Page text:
YOU ARE HERE: LAT HomeCollections

Skiing Utah's Back Country Slopes

February 23, 1986|R. J. PIETSCHMANN | Pietschmann is a Los Angeles free-lance writer.

ALTA, Utah — "It's all pretty bulletproof," our guide, Bob Bailey, assured us with a grin after he'd explained what our next five hours of largely back-country skiing would be like.

But our small band of intrepid skiers gathered at 8,500 feet at Alta in Utah's Rocky Mountains simply stared back nervously. There was the odd bravado remark as we eight shifted back and forth in place from ski to ski. Nothing too convincing, though.

It had a lot to do with John Page, our second guide, who was circulating among us, outfitting us with "peeps," tiny radio transmitters designed to save our powder-suited selves should we become lost, fallen or covered with snow.

The word "avalanche" was never uttered.

We had assembled this fine March morning at Alta to ski Utah's Interconnect, which links the Wasatch Range resorts of Snowbird, Alta, Solitude, Brighton and Park City through virtually untracked back country by using lifts that connect common ridges.

Don't get the comforting notion, however, that one merely rides up to the top of a ridge and glides down into the next ski resort. Instead, think work. There is plenty of tough traversing and uphill trudging on skis.

Combination Blueprint

Interconnect was an idea formulated as a combination blueprint of future Utah skiing (ski five of the world's great resorts in a single day!) and reaction to U.S. Forest Service concern over illegal and risky out-of-bounds skiing. It's an area that is certifiably remote and receives more snow than almost anywhere skiable on the planet.

"Safety was our real motivation," says Mark (Nick) Nicholson, who has served on the boards of Ski Utah and the Utah Ski Assn. "Interconnect really is a result of the liability bugaboo."

The Interconnect became a reality for the 1982-83 season with the completion of Alta's Point Supreme and Solitude's Summit lifts, but fewer than 75 skiers, most of them locals, skied any portion of it that season.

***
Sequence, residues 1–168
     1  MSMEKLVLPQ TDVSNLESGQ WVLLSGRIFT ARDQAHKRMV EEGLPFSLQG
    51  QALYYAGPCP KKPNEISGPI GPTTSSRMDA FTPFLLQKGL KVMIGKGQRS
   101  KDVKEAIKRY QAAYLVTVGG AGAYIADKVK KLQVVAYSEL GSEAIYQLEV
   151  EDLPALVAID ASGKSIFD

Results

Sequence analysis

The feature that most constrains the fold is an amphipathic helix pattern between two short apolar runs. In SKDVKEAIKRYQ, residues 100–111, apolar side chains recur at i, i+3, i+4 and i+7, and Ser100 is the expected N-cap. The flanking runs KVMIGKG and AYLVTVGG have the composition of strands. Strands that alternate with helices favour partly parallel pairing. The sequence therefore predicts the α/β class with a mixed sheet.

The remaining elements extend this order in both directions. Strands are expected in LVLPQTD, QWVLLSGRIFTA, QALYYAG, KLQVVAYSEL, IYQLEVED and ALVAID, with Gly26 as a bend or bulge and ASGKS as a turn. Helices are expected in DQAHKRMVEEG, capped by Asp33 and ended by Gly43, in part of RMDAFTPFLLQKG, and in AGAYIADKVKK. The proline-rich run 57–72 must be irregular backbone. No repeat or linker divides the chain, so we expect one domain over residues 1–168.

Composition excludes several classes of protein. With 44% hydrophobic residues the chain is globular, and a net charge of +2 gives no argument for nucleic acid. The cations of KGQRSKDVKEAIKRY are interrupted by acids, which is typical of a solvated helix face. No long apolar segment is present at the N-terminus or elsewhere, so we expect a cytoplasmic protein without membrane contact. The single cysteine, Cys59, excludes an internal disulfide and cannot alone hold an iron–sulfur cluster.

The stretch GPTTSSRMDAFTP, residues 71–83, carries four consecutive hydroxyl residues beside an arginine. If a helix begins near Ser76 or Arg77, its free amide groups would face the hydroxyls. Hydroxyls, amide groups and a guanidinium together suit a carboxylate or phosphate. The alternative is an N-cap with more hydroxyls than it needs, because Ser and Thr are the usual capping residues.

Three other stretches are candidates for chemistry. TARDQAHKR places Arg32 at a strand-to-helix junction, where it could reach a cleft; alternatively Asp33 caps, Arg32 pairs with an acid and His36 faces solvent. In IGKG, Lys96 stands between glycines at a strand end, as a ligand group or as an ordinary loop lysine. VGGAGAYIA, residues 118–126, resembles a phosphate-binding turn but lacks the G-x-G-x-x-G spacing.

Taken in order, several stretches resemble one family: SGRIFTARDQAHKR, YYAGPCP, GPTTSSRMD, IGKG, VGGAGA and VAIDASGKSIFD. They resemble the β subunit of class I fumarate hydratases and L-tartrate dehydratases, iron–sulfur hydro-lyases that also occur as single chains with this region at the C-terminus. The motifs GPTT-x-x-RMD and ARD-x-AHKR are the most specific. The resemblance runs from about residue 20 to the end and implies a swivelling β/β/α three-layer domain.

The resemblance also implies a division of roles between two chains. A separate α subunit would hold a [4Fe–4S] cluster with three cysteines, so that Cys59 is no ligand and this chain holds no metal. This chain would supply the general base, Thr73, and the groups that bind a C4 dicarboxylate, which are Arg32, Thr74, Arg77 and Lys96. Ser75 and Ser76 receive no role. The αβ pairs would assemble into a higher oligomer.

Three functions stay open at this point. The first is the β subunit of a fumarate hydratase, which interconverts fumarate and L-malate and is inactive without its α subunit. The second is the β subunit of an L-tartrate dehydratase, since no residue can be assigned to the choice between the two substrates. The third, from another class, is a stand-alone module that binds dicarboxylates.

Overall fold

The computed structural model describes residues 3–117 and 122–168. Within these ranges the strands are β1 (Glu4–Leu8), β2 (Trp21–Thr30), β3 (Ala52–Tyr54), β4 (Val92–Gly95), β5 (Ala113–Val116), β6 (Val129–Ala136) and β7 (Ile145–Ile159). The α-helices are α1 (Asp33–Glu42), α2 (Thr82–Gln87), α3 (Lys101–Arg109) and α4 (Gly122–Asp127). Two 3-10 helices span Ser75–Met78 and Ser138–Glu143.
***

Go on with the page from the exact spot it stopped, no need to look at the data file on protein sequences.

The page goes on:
Last season the number who shared the adventure jumped to 700. This season, estimates Bailey of Ski Utah, the cooperative that markets the Interconnect experience, 800 skiers, the maximum under current conditions, will ski it.

Possibly before the decade is over, lifts will serve all parts of the Interconnect, trails will be marked and ski patrols will be in evidence. The full plan calls for the linking of eight resorts (Deer Valley, Park West and the proposed White Pine area added to the original five) in a complex that would be North America's largest. That is the dream.

But for the near future, this experience in remote terrain will be available only to skiers with solid skills (advanced intermediates and higher) and enviable stamina who sign up for the Interconnect guided tour.

You have three choices:

The complete five-area tour begins at Park City, ends at Snowbird, takes a full day and costs $80. It operates on Monday, Wednesday, Friday and Sunday. As with all Interconnect tours, lunch is provided at Solitude, along with specially permitted guides and transportation back to the starting point.

The four-area tour begins at Snowbird, includes Alta, Brighton and Solitude, takes a good six hours and is priced at $65. It departs on Tuesday and Thursday.

The three-area excursion begins at Alta, takes skiers to Brighton and Solitude, is about five hours long and costs $45. Saturdays only.

Groups of 6 to 14 skiers are assembled by Ski Utah from reservations (a very good idea) and last-minute adds, but all must prove they are of sufficient ability and able to handle the varied and ungroomed conditions they will encounter.

Tour Departure

Understandably, too, the departure of each tour is subject to weather and snow conditions. Reservations: Ski Utah, 307 West 200 South, Suite 5005, Salt Lake City, Utah 84101, or phone (801) 534-1779.

Last March the Interconnect Eight found everything much as advertised. The scenery was, well, breathtaking (this is the pristine region in which Robert Redford's "Jeremiah Johnson" was filmed, and it's still untouched). We encountered only one other human being between resorts, a lone Nordic skier happily making his way toward a personal Valhalla.

We wolfed down lunch at Solitude, stunned by contact with civilization and surrounded by half the teen-age population of Salt Lake City.

While Bob Bailey was accurate in predicting that the adventure would be bulletproof (nothing went wrong despite several spectacular plops into nose-deep powder and masses of ominously overhanging snow), it was hard. There was more than enough climbing and traversing, some of it at 10,000 feet.

This is something for good skiers in top condition. It is about the physical equivalent of aerobics on skis at elevations that reach above 10,000 feet. It is exhausting, particularly for flatlanders in their first couple of days at altitude.

Do not take Interconnect lightly, no matter how good a skier you may be on politely groomed runs. Nevertheless, says Bob Bailey, a "gutsy intermediate with stamina" can do it.

Back at Alta, we exulted in taming the Interconnect the way only those physically whipped can do. Everyone bought beer. Wasn't Twin Lakes Pass something? How about Highway to Heaven on the way back to Alta?

Bulletproof, Bob, bulletproof.

Los Angeles Times Articles